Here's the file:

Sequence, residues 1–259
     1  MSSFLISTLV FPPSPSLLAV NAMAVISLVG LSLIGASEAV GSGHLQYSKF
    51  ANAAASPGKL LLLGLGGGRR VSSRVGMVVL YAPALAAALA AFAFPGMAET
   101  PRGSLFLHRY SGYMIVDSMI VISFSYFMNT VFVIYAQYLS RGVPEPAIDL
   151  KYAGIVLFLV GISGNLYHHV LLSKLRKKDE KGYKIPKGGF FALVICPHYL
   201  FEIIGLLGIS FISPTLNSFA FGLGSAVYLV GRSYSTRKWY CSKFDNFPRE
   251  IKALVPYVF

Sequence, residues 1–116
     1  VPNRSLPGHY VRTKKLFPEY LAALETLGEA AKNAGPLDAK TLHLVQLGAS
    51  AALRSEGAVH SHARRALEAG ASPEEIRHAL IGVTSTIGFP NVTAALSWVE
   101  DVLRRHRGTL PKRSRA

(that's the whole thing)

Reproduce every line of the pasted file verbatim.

Sequence, residues 1–259
     1  MSSFLISTLV FPPSPSLLAV NAMAVISLVG LSLIGASEAV GSGHLQYSKF
    51  ANAAASPGKL LLLGLGGGRR VSSRVGMVVL YAPALAAALA AFAFPGMAET
   101  PRGSLFLHRY SGYMIVDSMI VISFSYFMNT VFVIYAQYLS RGVPEPAIDL
   151  KYAGIVLFLV GISGNLYHHV LLSKLRKKDE KGYKIPKGGF FALVICPHYL
   201  FEIIGLLGIS FISPTLNSFA FGLGSAVYLV GRSYSTRKWY CSKFDNFPRE
   251  IKALVPYVF

Sequence, residues 1–116
     1  VPNRSLPGHY VRTKKLFPEY LAALETLGEA AKNAGPLDAK TLHLVQLGAS
    51  AALRSEGAVH SHARRALEAG ASPEEIRHAL IGVTSTIGFP NVTAALSWVE
   101  DVLRRHRGTL PKRSRA